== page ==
The thinking behind this decision is straightforward enough: CBS pays a lot of money for the NCAA tournament broadcast rights; affiliates pay a lot of money to CBS for the exclusive rights to content, including the tournament; hence, the affiliates want people watching that content to be watching it through them, to maximize eyeballs and therefore maximize advertising revenue. Inherent in the assumption driving the blackout policy, then, is that there is a more-or-less finite number of possible viewers for the content. Any viewer watching the small, grainy window on their computer (a PC running Internet Explorer) is one not watching the local CBS station, so it only makes sense to give them access to content they wouldn’t otherwise have access to.
This works great for someone who either doesn’t much care which game they’re watching, or someone simultaneously watching the TV and the PC. But let’s posit that there’s another kind of viewer – let’s call them ‘JKD’ – who doesn’t own a television and without access to the content online, might not watch it at all. Obviously, CBS and its affiliates are within their rights to say to this hypothetical user, “Screw you – buy a TV”, or force them to a local bar (though when CBS got in the biz of encouraging bar patronage isn’t clear to me). But why would they want to do that? Seriously – why? What’s the margin in, having constructed a method and venue for expanding access to content – for expanding total possible audience past what existed previously – then introducing an artificial and relatively arbitrary barrier preventing some or much of that possible new audience from accessing relatively arbitrary categories of that content?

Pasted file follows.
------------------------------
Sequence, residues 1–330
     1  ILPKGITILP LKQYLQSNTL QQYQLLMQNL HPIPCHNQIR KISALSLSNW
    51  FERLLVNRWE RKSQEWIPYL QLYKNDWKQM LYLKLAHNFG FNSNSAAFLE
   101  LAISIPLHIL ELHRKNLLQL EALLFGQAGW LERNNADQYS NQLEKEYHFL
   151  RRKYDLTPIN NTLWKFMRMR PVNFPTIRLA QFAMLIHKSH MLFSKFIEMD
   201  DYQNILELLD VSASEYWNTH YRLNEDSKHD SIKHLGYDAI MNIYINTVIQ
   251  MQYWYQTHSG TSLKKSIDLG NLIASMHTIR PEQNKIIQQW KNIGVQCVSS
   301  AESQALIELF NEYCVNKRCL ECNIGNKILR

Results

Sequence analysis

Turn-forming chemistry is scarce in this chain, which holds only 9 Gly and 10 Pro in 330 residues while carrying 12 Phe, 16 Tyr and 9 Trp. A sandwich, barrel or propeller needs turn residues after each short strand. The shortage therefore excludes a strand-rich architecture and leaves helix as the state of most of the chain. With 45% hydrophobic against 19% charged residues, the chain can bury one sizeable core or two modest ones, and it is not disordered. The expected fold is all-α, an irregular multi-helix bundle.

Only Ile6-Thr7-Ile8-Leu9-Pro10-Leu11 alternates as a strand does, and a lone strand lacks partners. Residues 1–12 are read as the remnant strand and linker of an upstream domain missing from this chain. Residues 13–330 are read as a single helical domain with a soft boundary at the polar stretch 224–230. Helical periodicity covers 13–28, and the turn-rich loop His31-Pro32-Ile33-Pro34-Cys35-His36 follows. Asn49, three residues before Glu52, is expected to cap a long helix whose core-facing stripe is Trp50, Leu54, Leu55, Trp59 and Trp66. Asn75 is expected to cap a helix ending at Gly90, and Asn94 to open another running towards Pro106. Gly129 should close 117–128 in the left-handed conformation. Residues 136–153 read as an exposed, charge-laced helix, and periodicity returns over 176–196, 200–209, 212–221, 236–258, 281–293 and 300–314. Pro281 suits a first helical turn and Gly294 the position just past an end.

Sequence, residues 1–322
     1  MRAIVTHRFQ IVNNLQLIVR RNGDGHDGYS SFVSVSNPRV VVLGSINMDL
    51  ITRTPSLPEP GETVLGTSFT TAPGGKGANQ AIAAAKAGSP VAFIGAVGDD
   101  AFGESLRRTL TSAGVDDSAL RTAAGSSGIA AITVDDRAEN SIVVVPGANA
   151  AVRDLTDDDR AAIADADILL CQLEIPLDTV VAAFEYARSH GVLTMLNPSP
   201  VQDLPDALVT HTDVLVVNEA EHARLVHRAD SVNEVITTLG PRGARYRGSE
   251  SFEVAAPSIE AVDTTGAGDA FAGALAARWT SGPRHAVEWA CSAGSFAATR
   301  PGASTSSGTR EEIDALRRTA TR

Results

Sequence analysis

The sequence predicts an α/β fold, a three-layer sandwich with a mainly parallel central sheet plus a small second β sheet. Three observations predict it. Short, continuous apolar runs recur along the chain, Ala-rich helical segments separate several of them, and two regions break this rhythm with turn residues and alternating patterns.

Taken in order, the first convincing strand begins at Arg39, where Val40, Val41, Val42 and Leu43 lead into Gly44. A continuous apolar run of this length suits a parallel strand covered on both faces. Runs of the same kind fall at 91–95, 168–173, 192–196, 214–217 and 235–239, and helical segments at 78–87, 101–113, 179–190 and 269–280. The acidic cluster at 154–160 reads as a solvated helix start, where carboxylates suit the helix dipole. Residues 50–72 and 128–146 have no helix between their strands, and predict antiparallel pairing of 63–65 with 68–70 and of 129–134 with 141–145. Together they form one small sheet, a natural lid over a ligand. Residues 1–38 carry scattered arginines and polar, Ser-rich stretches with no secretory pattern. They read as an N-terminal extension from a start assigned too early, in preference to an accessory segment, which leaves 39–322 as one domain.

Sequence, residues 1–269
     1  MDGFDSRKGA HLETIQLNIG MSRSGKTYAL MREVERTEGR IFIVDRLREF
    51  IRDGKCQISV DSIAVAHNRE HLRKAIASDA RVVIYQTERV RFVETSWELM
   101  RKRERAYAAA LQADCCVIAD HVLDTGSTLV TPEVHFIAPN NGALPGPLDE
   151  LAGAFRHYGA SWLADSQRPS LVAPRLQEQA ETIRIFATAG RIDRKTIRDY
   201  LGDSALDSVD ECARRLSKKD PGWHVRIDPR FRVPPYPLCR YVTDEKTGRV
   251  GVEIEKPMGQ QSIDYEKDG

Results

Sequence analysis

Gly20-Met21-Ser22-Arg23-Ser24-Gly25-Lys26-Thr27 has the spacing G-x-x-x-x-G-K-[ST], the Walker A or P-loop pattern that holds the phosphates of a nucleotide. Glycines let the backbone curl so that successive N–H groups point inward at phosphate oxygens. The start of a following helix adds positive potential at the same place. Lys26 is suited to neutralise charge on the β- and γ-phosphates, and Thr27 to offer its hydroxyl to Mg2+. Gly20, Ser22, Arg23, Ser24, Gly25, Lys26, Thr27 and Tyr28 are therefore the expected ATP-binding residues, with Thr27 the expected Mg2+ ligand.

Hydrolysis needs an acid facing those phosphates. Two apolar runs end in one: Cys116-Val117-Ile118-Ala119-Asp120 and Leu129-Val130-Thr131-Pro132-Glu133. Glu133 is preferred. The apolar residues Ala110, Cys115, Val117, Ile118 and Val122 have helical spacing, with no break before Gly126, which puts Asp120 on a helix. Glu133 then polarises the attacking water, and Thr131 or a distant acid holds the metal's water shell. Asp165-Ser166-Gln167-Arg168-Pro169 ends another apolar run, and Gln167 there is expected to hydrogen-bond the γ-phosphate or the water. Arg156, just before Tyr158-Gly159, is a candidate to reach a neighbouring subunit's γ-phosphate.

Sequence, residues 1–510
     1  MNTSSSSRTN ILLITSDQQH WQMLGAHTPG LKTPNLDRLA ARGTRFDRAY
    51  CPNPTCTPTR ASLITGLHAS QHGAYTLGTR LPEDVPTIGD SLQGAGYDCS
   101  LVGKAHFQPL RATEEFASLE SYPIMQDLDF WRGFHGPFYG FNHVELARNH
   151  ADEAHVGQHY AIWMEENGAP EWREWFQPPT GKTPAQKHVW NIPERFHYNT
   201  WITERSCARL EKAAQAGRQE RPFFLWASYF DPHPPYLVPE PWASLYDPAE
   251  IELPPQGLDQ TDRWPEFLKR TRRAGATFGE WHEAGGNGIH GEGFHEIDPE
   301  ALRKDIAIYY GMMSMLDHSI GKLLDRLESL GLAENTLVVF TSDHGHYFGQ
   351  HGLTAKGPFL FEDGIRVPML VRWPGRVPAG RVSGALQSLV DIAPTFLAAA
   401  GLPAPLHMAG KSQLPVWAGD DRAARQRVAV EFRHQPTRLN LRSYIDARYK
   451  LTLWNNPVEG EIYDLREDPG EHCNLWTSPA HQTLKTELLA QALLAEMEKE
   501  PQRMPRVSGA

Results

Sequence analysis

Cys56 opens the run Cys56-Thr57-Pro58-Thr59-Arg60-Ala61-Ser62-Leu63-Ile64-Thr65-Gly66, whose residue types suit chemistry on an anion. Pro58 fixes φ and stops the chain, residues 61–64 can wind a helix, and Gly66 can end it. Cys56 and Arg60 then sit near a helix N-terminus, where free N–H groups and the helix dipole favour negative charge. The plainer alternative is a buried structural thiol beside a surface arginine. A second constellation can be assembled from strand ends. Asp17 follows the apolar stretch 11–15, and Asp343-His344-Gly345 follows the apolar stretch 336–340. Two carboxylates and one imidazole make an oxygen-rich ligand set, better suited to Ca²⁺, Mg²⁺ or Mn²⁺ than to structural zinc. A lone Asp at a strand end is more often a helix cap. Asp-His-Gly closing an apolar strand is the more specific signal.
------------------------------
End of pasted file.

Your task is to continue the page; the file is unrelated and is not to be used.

I’d offer that, while CBS has introduced this great new service they don’t really understand what they’ve done. Which is odd, especially given how basic what they’ve done is. But since I’m a helpful guy, I’ll tell them what it is they’ve done: they’ve put television on their website. Really! It’s pretty cool. It also makes a lot of sense, given that CBS is primarily in the business of producing and distributing content that is television, that their website feature…content that is television.
It’s kind of dawned on TV people recently that the Internet isn’t really going away – that it’s in fact something that a lot of people do rather than watch television, and that rather than using their websites to convince people using the Internet that they should stop doing so at particular times of day on particular days of the week and instead watch television, it’d really much easier to bring their primary product to those people. It’s refreshing, the lack of obtuseness.